ZERO Halliburton Heat Treat and Anodizing Process
The heating process immediately follows the deep draw process. Called heat treat, this process is critical in making sure ZERO Halliburton shells reach maximum quality hardness and structural rigidity.
Heat treat is a two-stage process.
1. the shells are heated to over 900 degrees for nearly 30 minutes.
2. then they are quenched or sprayed using cold water.
This heating-quenching process shifts the aluminum molecular state from a soft state when the aluminum can be formed or drawn to a cold (or hard) composition, creating a tempered aluminum shell that is basic to all ZERO Halliburton products.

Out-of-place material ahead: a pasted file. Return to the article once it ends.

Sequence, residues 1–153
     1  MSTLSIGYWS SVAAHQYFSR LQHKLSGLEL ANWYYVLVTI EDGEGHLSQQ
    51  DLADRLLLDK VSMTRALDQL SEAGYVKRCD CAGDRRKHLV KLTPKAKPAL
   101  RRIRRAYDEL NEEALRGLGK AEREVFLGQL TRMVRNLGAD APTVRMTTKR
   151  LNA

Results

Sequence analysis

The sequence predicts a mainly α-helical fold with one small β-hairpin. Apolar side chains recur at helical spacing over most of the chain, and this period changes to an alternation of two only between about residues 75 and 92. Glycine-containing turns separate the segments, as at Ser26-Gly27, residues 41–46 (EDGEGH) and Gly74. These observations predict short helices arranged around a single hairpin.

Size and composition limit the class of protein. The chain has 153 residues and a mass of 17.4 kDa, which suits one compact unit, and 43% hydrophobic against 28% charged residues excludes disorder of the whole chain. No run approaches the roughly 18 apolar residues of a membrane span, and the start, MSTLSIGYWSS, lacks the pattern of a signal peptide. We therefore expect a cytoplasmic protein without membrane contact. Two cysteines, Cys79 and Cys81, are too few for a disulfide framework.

Following the heat treat process, shells are buffed to assure a smooth surface, or in the case of mirror polished cases, the surfaces are buffed to a high shine resembling chrome.
The next step is anodizing. This is a computer controlled electrolytic process in combination with a sulphuric acid solution whereby a chemical film is built upon the shell to prevent corrosion. Fifteen tanks are used in the process, allowing for hot washes, rinses, caustic etches and neutralizers. It is during the anodizing process in which colors such as black and gold are introduced.